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  18. Charles S. Chihara (1998). The Worlds of Possibility: Modal Realism and the Semantics of Modal Logic. Oxford University Press.
    A powerful challenge to some highly influential theories, this book offers a thorough critical exposition of modal realism, the philosophical doctrine that many possible worlds exist of which our own universe is just one. Chihara challenges this claim and offers a new argument for modality without worlds.
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  19. Nino Cocchiarella & Ma A. Freund (2008). Modal Logic: An Introduction to its Syntax and Semantics. Oxford University Press.
    In this text, a variety of modal logics at the sentential, first-order, and second-order levels are developed with clarity, precision and philosophical insight.
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  20. B. Jack Copeland (2006). Meredith, Prior, and the History of Possible Worlds Semantics. Synthese 150 (3):373 - 397.
    This paper charts some early history of the possible worlds semantics for modal logic, starting with the pioneering work of Prior and Meredith. The contributions of Geach, Hintikka, Kanger, Kripke, Montague, and Smiley are also discussed.
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  21. B. Jack Copeland (2002). The Genesis of Possible Worlds Semantics. Journal of Philosophical Logic 31 (2):99-137.
    This article traces the development of possible worlds semantics through the work of: Wittgenstein, 1913-1921; Feys, 1924; McKinsey, 1945; Carnap, 1945-1947; McKinsey, Tarski and Jónsson, 1947-1952; von Wright, 1951; Becker, 1952; Prior, 1953-1954; Montague, 1955; Meredith and Prior, 1956; Geach, 1960; Smiley, 1955-1957; Kanger, 1957; Hintikka, 1957; Guillaume, 1958; Binkley, 1958; Bayart, 1958-1959; Drake, 1959-1961; Kripke, 1958-1965.
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  22. Fabrice Correia (2001). Priorean Strict Implication, Q and Related Systems. Studia Logica 69 (3):411-427.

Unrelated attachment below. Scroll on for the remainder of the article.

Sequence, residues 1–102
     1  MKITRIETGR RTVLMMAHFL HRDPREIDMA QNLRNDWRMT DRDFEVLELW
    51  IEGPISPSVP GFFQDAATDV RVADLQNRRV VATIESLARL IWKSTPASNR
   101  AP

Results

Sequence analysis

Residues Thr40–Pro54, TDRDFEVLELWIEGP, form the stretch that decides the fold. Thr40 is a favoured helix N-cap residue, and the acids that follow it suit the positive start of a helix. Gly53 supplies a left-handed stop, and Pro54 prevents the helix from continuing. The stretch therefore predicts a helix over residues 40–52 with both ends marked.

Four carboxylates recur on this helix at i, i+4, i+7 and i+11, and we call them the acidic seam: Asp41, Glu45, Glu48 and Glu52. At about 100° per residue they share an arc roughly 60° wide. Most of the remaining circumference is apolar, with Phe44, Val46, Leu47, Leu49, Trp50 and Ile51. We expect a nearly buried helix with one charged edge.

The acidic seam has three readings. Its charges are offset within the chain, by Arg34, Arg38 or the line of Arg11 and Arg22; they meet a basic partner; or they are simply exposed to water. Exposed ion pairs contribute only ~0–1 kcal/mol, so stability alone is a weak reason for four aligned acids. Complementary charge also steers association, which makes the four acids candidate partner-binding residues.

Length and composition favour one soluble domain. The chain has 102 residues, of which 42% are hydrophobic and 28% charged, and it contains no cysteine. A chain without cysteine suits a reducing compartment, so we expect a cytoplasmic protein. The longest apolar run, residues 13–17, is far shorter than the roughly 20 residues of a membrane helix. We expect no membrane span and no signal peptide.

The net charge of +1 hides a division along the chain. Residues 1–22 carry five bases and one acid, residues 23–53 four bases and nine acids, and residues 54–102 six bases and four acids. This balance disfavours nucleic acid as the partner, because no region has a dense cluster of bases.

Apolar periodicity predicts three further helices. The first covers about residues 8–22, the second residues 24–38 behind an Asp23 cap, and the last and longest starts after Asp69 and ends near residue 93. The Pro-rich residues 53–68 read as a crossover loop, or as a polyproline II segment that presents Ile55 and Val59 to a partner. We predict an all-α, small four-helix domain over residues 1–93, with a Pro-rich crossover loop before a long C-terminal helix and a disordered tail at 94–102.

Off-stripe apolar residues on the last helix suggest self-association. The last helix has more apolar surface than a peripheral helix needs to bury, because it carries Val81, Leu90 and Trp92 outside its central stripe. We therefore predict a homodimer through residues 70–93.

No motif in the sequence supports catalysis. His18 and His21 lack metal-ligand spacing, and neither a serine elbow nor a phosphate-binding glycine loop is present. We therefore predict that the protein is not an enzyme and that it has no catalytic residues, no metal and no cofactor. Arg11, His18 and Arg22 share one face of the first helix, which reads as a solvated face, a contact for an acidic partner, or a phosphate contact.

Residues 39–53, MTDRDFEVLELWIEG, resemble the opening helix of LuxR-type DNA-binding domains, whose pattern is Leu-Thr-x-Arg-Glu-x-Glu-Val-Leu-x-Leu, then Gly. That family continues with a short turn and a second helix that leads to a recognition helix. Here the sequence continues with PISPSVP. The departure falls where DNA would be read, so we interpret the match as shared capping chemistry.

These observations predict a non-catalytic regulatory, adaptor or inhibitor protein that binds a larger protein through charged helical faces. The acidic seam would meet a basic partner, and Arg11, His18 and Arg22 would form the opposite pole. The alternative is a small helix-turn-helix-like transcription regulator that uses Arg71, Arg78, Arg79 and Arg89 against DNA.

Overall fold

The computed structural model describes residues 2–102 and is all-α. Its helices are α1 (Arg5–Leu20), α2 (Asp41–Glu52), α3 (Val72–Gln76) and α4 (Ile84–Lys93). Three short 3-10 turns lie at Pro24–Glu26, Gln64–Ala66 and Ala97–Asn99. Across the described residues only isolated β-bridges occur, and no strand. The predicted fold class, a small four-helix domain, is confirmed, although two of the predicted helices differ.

We introduce a system PSI for a strict implication operator called Priorean strict implication. The semantics for PSI is based on partial Kripke models without accessibility relations. PSI is proved sound and complete with respect to that semantics, and Prior's system Q and related systems are shown to be fragments of PSI or of a mild extension of it.
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  23. Fabrice Correia (1999). Adequacy Results for Some Priorean Modal Propositional Logics. Notre Dame Journal of Formal Logic 40 (2):236-249.
    Standard possible world semantics for propositional modal languages ignore truth-value gaps. However, simple considerations suggest that it should not be so. In Section 1, I identify what I take to be a correct truth-clause for necessity under the assumption that some possible worlds are incomplete (i.e., "at" which some propositions lack a truth-value). In Section 2, I build a world semantics, the semantics of TV-models, for standard modal propositional languages, which agrees with the truth-clause for necessity previously identified. Sections 3–5 (...)
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  24. Maxwell J. Cresswell (2006). From Modal Discourse to Possible Worlds. Studia Logica 82 (3):307 - 327.
    The possible-worlds semantics for modality says that a sentence is possibly true if it is true in some possible world. Given classical prepositional logic, one can easily prove that every consistent set of propositions can be embedded in a ‘maximal consistent set’, which in a sense represents a possible world. However the construction depends on the fact that standard modal logics are finitary, and it seems false that an infinite collection of sets of sentences each finite subset of which is (...)
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  25. Charles B. Cross (1993). From Worlds to Probabilities: A Probabilistic Semantics for Modal Logic. Journal of Philosophical Logic 22 (2):169 - 192.
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  26. Louis deRosset (2009). Possible Worlds II: Non-Reductive Theories of Possible Worlds. Philosophy Compass 4 (6):1009-1021.
    It is difficult to wander far in contemporary metaphysics without bumping into talk of possible worlds. And, reference to possible worlds is not confined to metaphysics. It can be found in contemporary epistemology and ethics, and has even made its way into linguistics and decision theory. What are those possible worlds, the entities to which theorists in these disciplines all appeal? Some have hoped that a theory of possible worlds can be used to reduce modality to non-modal terms. This paper (...)
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  27. Louis deRosset (2009). Possible Worlds I: Modal Realism. Philosophy Compass 4 (6):998-1008.
    It is difficult to wander far in contemporary metaphysics without bumping into talk of possible worlds. And reference to possible worlds is not confined to metaphysics. It can be found in contemporary epistemology and ethics, and has even made its way into linguistics and decision theory. What are those possible worlds, the entities to which theorists in these disciplines all appeal? This paper sets out and evaluates a leading contemporary theory of possible worlds, David Lewis's Modal Realism. I note two (...)
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  28. John Divers (2006). Possible-Worlds Semantics Without Possible Worlds: The Agnostic Approach. Mind 115 (458):187-226.